Past and Present Day Crofting in Ullapool
Crofting: History and Present
by George Campbell in “A guide to Ullapool”
Crofting is a unique form of land tenure, and though there are similarities with other small farming systems throughout Europe, it has no exact replica.
The History of Crofting
Crofting as we know it today, is located in the peripheral areas representing some of the poorest and most disadvantaged agricultural land in Europe. However, the crofting communities did not inhabit these areas by accident, but rather by a series of events which culminated in what today are known as the “highland Clearances.”
The demise of the traditional land ownership structure was closely linked to the destruction of the clan system after the defeat of the Jacobite rising. The dismantling of the clan system led to problems such as over-population, due primarily to excessive subdivisions of holdings. These man-made problems were exacerbated by natural disaters such as the potato famine, which resulted in mass emigration to Canada and Australia.
These voluntary emigrants were often accompanied by whole communities who had been forcibly cleared off their land to make way for more profitable or desirable enterprises such as sheep farming and sporting estates. Towards the end of the 19th Century there were a number of noted battles involving crofters against landlords who were attempting to deny them their traditional rights. The land battles, often involving women and elderly people, attracted attention and public concern was such that a Commission was appointed to look into the whole issue of crofting.
The resulting Napier Commission report made a number of recommendations, the most important of which was a need for new legislation, which would give crofters security of tenure. Thus the first Crofting Act was passed in 1886 and essentially gave crofters security of tenure and also the right of compensation for any improvements carried out by them. The first crofts were created in 1886 but there was still an immense demand for land, and land raids (the forcible acquisition of land) continued until after the Second World War. So throughout the first half of the 20th century further crofts were created, mostly on land acquired by the Department of Agriculture. So the legal definition of a croft as opposed to a smallholding is that it must have been registered as a croft under the 1886 or subsequent Crofting Acts. But what is the practical difference?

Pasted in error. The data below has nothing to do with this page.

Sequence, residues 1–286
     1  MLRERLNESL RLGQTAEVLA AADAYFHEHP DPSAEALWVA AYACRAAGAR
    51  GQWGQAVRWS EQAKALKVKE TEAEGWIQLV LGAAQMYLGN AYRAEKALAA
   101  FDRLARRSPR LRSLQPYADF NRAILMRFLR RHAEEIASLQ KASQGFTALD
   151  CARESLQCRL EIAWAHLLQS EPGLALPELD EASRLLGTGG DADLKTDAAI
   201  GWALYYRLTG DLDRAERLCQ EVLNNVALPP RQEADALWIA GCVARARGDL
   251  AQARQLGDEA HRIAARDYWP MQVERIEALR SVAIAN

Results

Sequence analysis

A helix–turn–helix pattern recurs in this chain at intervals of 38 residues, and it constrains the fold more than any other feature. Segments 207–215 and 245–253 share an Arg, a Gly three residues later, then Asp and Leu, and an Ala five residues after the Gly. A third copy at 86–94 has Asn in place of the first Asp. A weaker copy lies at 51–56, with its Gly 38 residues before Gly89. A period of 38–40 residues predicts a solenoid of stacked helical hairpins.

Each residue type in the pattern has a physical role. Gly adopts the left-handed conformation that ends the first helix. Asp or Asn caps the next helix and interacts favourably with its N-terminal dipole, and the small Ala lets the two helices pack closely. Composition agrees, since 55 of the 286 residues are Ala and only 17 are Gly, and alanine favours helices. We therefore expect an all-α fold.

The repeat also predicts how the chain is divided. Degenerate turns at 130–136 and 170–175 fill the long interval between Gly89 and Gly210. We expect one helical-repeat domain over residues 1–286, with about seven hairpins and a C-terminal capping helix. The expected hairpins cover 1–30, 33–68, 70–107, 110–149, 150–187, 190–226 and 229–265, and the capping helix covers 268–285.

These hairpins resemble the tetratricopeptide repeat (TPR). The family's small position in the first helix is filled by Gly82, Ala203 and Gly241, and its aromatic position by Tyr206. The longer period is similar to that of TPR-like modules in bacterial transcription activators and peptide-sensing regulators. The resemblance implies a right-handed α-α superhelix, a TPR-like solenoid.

There are 17000 registered crofts in the Highlands and Islands and these are concentrated on the North and West coasts and the Islands which lie in that seaboard such as Shetland in the North to Mull and Tiree in the South. There is no specific size for a croft – it very much depends on the physical nature of the landscape of the area in which any one crofting township is located. However, despite these differences all crofts have similarities in that they are operating in the most physically disadvantaged areas, with atrocious weather conditions coupled with distance from markets etc. Most crofting agriculture is based on the production of store sheep and cattle, which are then sold on to be finished elsewhere in the U.K.
Crofting is as much a way of life as an economic or physical activity. The Crofting Township is unique because it is both collaborative and individualistic. The township committee allocates common grazings, sets dates for communal shearing and dipping of sheep, arranges for the visit of the bull and may share the costs of a new piece of equipment. But individual’s manage the croft as a sole tenant and may try new ideas or dispense with old ones according to what they wish for themselves and their families. Without collaboration the communities could not survive – without individualism they would not want to. But, cofting, both individually and collectively, is constrained by external factors because crofting is not full-time agriculture – it was never intended to be. The principle constraint is the availability of additional income.
There are some full-time crofters earning their entire living from agriculture, but these are the minority. Most crofters require another occupation, sometimes several part-time occupations, and sometimes just one main job.
Thus we see in the delicate balance of crofting, not only its dependence on the agricultural economy, but even more importantly on the health of the
wider Highland economy.
Use the menu below for a walk through the past history of Ullapool. If there is anything you would like to add or if indeed you have some old photos of Ullapool and its people we would love to hear from you.
| Before 1788